- Consider using comparing the ThreadPoolExecutor and ProcessPoolExecutor for many similar File I/O tasks (e.g. loading many files)
- Consider executing multiple File I/O operations in batches with process pools and thread pools
- Consider nesting a thread pool within each process pool worker when working with thousands of files
- Explore similar patterns with coroutines.
You now know the systematic approach to getting blazingly fast concurrent File I/O in your programs.
Step 5: Repeat
Next, explore this approach with all the file I/O tasks you might need to speed up:
- file writing
- file loading
- file deleting
- file renaming
- file moving
- file copying
- file appending
- file zipping
- file unzipping
Don’t worry, I’ve done all the heavy lifting for you!
Work alongside me with my new book.
“Concurrent File I/O in Python”
Faster File I/O With Threads, Processes, and AsyncIO
“Concurrent File I/O in Python” is my new book that will teach you how to make your file I/O tasks faster using concurrency, from scratch.
This book distills only what you need to know to get started and be effective with concurrent file I/O, super fast.
It’s exactly how I would teach you concurrent file I/O if we were sitting together, pair programming.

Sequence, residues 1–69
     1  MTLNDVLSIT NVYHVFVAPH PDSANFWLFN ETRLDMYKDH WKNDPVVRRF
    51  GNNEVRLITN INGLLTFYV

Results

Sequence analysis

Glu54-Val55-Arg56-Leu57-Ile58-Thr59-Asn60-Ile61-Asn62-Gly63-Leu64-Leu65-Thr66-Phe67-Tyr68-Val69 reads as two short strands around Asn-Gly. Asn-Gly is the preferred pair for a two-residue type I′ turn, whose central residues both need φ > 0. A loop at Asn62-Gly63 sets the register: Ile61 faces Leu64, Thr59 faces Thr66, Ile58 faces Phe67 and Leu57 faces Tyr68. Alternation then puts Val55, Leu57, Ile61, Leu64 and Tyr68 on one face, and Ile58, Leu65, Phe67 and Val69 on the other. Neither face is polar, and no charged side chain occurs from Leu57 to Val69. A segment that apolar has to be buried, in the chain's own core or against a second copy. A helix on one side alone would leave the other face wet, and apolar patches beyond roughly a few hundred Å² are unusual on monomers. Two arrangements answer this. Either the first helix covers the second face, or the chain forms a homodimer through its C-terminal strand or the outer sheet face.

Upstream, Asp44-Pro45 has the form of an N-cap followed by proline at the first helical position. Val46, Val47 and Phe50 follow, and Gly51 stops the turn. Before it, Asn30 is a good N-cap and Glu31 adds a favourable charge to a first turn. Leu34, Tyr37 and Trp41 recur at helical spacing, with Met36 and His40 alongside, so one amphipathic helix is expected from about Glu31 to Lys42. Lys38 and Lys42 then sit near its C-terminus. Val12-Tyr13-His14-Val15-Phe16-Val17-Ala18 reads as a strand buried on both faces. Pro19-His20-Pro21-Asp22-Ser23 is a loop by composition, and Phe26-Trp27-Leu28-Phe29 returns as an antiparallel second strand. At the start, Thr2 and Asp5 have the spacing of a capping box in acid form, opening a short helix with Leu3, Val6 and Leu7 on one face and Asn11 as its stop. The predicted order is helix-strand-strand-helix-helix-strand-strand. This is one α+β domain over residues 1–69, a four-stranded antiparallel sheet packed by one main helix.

- 15 tutorials taught by example with full working code listings.
- 113 .py code files included that you can use as templates and extend.
- 307 pages for on-screen reading open next to your IDE or editor.
- 2 formats (PDF and EPUB) for screen, tablet, and Kindle reading.
- 1.3 megabyte .zip download that contains the ebook and code.
Everything you need to get started, then get really good at concurrent file I/O, all in one book.
“Concurrent File I/O in Python” will lead you on the path from a Python developer interested in faster file I/O to a developer that can confidently develop concurrent file I/O tasks and programs.
- No fluff.
- Just concepts and code.
- With full working examples.
The book is divided into 15 tutorials.
The idea is you can read and work through one or two tutorials per day, and become capable in less than two weeks.
It is the shortest and most effective path that I know of transforming you into a concurrent file I/O Python developer.
All prices are in USD.
You Get 15 Laser-Focused Tutorials
This book is designed to bring you up-to-speed with how to use concurrent file I/O as fast as possible.